What is a Geographic Information System (GIS)?

Remember those multi-layered images of the human body from middle school science class, showing the body’s skeletal system, nervous system and so on? GIS is similar. It layers modern geographical maps—of streets, buildings, neighborhoods, even subterranean infrastructure—using 21st century technology.

GIS technology works by linking information stored in databases to a place or location. Users can question the data and present the answers in maps, tables and other graphic representations. Since 80% of all information has a geographic component, the power of GIS can be widely used to support decision-making and problem solving across all sectors—public, private, and not-for-profit.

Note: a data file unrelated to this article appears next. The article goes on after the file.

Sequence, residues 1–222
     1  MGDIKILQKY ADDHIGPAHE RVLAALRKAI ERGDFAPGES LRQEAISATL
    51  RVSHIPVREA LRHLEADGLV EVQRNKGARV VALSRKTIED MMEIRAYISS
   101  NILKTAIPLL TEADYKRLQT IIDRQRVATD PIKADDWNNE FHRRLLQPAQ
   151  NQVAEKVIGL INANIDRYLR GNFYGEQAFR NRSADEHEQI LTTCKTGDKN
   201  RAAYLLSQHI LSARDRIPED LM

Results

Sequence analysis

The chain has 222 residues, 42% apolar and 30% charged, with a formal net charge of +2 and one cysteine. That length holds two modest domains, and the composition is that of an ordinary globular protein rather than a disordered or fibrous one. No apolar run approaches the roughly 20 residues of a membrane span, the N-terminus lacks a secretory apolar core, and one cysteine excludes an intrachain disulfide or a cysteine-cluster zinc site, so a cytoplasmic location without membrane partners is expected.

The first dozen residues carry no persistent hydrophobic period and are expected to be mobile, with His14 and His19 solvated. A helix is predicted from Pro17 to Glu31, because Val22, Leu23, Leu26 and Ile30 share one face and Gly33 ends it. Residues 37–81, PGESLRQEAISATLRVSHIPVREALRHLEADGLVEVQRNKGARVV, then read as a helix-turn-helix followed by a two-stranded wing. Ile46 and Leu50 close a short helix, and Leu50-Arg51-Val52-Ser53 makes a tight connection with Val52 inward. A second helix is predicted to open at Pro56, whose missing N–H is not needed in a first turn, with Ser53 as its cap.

Why do governments use GIS technology? It is an important tool for determining public policy. In a book about public policy, R.W. Greene says, “The realization is growing that almost everything that happens in a public policy context also happens in a geographic one: transportation planners, water resources studies, education subcommittees, redistricting boards, planning commissions, and crime task forces all must consider questions of where along with the usual ones of how, and why, and how much will it cost. GIS, by answering the first question, helps to answer the others.”